So, you thought you'd kill me? the man said conversationally, his head turned in the direction of the assassin although his ragged slits of his eyes were most definitely unable to see a thing. It seems, he mused, reaching up a hand to stroke the head of his bird, who was still looking down at the man at his master's feet, That you weren't very well informed by your employers about me. He raised an eyebrow, the scar of his eye shifting strangely over his cheekbone. Walk with me, he said abruptly.
The assassin did not move. Breathing hard, he tried to understand what was happening to him. He tried to move, to run, to get away from this horrible apparition, but he had no control over his muscles.
Walk with me. The man's voice grew harsher, and the assassin once again felt his legs moving of their own accord to stand and follow as his target continued to stroll down the street. I'm going to tell you all about me, the horrible man said over his shoulder, So you can go back to your employers and tell them why you can't kill me.
You're not going to kill me? the assassin said in surprise, his voice rasping with a mixture of fear and relief. The man wasn't going to kill him, although he still had no control over his body.
No. I can't possibly kill you if you can't kill me, the man chuckled. It wouldn't be fair. But I do want you to listen to what I'm going to tell you now.
My name is Tallanvor, the man began. What is yours, in the interest of easier conversation?
Terence, the assassin answered.
Interesting—I cannot say pleasing quite yet—to make your acquaintance. So, I'll begin now.
My early life was… normal. Grew up on a farm, couldn't wait to get away… when I was sixteen I ran away from home. My parents were enthusiastic about raising children, and I had so many brothers and sisters that I doubt they even noticed I was gone—or if they did, they didn't miss me much.
How many? Terence asked, finding himself suddenly a bit curious about this man's past.
How many what?
Twenty-three, Tallanvor said shortly, with a chuckle. But anyway, I ran away from home. Where could I go but to the sea? That's the first place every young runaway goes, to jump on a ship and find adventure. Well, I found my adventure all right. It wasn't an epic battle with other pirates, or an adventure on a tropical island—it was on the ship itself. All of the sailors were of course much larger and more experienced than me, and I became the victim of their evil nature. Several of them were cruel enough as to make earnest attempts on my life, but I was rescued from these incidents by the captain, who had a soft spot from me and usually managed to keep the men mostly in check. Tallanvor sighed, and Terence imagined that if he had eyes, they would have taken on a misty, faraway look. A great man, was that captain. He died several weeks after we set out for Krawk Island, falling from the crow's nest. And so I spent several months with the crew, left entirely unprotected. I sustained a lot of minor injuries from their cruelty, he said, pushing up his sleeve to reveal the ends of several ragged pink scars that presumably stretched across his back. But nothing that really crippled me until the day I made the mistake that cost me my eyes.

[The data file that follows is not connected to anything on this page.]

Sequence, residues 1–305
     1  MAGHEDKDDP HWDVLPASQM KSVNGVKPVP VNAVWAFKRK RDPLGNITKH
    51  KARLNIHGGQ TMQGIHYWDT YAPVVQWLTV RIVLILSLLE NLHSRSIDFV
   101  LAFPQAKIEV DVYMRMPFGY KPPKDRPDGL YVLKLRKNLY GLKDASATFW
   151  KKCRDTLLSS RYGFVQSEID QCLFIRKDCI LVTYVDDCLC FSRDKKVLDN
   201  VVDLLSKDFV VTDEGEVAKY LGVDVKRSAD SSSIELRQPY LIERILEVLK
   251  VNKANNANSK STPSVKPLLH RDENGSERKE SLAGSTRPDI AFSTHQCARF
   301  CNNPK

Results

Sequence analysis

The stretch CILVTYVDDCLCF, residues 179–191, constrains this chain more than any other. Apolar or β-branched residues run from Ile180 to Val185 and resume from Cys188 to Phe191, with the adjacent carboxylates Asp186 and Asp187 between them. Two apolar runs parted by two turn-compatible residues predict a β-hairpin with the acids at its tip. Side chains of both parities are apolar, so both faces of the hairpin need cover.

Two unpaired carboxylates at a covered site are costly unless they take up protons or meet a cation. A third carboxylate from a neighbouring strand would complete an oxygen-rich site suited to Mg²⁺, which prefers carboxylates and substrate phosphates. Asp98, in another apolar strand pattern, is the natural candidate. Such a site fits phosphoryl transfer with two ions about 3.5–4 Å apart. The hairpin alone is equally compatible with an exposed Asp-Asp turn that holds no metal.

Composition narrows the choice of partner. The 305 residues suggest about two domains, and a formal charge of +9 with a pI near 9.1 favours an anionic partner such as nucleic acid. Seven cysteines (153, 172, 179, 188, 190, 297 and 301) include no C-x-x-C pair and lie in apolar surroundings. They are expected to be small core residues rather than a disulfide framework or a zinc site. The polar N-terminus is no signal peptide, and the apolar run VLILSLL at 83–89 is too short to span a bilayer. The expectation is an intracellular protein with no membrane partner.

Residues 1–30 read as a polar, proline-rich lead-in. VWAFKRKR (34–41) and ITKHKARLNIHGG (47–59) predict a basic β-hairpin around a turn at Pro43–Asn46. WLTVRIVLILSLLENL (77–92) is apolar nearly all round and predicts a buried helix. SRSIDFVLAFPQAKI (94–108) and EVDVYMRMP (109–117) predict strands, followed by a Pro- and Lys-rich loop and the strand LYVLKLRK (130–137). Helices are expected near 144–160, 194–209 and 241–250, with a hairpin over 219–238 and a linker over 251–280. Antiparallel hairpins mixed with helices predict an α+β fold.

What happened? Terence asked, once again unable to contain his curiosity. He began with surprise to notice his growing respect for this man that had endured so much and come out alive.
Tallanvor sighed. I worked for the cook at times, bringing the men their meals. I was bringing food to the first mate when my foot caught on an uneven floorboard and I tripped, dumping hot soup into his lap. I'll never forget the look in his eyes as he stood and drew his knife… it was the last thing I saw from my own eyes. Tallanvor's lips tightened, and he fell silent for a moment.
At that moment, the second I lost my sight, my vision shifted. I suddenly saw the first mate wrestling me to the ground and heard us both yelling from the eyes and ears of the second mate who was standing and watching on the side. He was a big man, the second mate, full of power and evil intent. As I saw what was happening from his eyes I tried to run forward and stop the fight—and I did. I moved his muscles as if they were my own, but much stronger and faster than I had ever been. I threw the first mate from on top of my own body and looked at myself. By then it was too late, and my eyes were gone courtesy of the first mate's knife, but I, in the second mate's body, prevented my superior from killing me outright. I dropped into a faint and my presence left the second mate's body. I was told by the ship's doctor as he tended to me later that the man fell to his knees as I left him, whimpering and crying like a baby.
It's a horrible feeling, Terence commented, although for some reason he felt no anger. Tallanvor jumped.